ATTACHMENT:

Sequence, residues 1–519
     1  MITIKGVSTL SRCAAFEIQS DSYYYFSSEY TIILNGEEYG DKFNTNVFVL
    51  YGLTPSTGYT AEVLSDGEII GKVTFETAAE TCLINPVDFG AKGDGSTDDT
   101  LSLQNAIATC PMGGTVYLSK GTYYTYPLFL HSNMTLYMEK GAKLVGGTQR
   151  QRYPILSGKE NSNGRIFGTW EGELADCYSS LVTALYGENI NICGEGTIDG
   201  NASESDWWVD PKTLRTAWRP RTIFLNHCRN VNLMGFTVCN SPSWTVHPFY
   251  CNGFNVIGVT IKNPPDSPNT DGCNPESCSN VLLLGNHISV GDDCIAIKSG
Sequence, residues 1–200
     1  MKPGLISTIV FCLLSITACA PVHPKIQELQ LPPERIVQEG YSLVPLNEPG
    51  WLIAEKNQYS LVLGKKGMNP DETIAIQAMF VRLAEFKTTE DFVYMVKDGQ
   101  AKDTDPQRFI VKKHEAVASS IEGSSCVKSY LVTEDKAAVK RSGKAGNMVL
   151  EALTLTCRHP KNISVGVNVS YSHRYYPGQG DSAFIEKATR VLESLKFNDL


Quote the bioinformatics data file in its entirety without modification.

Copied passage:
Sequence, residues 1–519
     1  MITIKGVSTL SRCAAFEIQS DSYYYFSSEY TIILNGEEYG DKFNTNVFVL
    51  YGLTPSTGYT AEVLSDGEII GKVTFETAAE TCLINPVDFG AKGDGSTDDT
   101  LSLQNAIATC PMGGTVYLSK GTYYTYPLFL HSNMTLYMEK GAKLVGGTQR
   151  QRYPILSGKE NSNGRIFGTW EGELADCYSS LVTALYGENI NICGEGTIDG
   201  NASESDWWVD PKTLRTAWRP RTIFLNHCRN VNLMGFTVCN SPSWTVHPFY
   251  CNGFNVIGVT IKNPPDSPNT DGCNPESCSN VLLLGNHISV GDDCIAIKSG
Sequence, residues 1–200
     1  MKPGLISTIV FCLLSITACA PVHPKIQELQ LPPERIVQEG YSLVPLNEPG
    51  WLIAEKNQYS LVLGKKGMNP DETIAIQAMF VRLAEFKTTE DFVYMVKDGQ
   101  AKDTDPQRFI VKKHEAVASS IEGSSCVKSY LVTEDKAAVK RSGKAGNMVL
   151  EALTLTCRHP KNISVGVNVS YSHRYYPGQG DSAFIEKATR VLESLKFNDL